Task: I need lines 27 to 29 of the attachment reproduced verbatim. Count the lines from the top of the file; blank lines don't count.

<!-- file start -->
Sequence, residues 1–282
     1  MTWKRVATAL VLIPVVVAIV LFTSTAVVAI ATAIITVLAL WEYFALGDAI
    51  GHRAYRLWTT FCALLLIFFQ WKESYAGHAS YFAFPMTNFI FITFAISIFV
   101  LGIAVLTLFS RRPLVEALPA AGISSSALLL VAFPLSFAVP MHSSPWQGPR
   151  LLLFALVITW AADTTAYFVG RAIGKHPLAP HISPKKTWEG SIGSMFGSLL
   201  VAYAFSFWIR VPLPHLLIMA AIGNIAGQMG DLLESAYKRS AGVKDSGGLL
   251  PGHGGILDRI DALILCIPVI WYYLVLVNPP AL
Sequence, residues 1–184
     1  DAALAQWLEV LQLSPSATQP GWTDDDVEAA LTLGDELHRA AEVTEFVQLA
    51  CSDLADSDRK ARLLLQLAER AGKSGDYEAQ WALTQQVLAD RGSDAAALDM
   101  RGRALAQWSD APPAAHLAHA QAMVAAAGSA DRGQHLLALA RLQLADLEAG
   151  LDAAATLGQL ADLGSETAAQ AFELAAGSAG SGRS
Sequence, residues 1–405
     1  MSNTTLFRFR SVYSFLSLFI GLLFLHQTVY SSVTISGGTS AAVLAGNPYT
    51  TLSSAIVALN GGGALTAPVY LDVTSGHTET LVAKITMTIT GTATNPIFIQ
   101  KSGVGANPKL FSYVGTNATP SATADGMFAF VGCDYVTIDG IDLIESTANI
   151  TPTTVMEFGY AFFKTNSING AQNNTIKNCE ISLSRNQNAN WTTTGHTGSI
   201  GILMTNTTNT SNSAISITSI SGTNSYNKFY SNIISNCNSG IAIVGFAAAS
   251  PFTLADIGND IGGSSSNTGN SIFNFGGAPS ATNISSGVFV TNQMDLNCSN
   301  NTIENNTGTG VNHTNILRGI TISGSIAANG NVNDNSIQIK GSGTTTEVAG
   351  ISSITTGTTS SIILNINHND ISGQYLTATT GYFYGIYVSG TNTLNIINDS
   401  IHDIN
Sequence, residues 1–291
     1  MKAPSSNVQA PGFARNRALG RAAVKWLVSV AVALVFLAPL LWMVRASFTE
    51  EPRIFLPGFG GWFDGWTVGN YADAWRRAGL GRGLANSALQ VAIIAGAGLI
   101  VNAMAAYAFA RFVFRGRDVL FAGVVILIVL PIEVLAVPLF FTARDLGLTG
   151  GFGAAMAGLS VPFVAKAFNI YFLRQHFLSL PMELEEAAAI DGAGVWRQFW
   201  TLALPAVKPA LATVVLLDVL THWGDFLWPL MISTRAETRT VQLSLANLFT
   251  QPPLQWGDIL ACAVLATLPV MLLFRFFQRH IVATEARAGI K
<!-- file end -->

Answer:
   151  GFGAAMAGLS VPFVAKAFNI YFLRQHFLSL PMELEEAAAI DGAGVWRQFW
   201  TLALPAVKPA LATVVLLDVL THWGDFLWPL MISTRAETRT VQLSLANLFT
   251  QPPLQWGDIL ACAVLATLPV MLLFRFFQRH IVATEARAGI K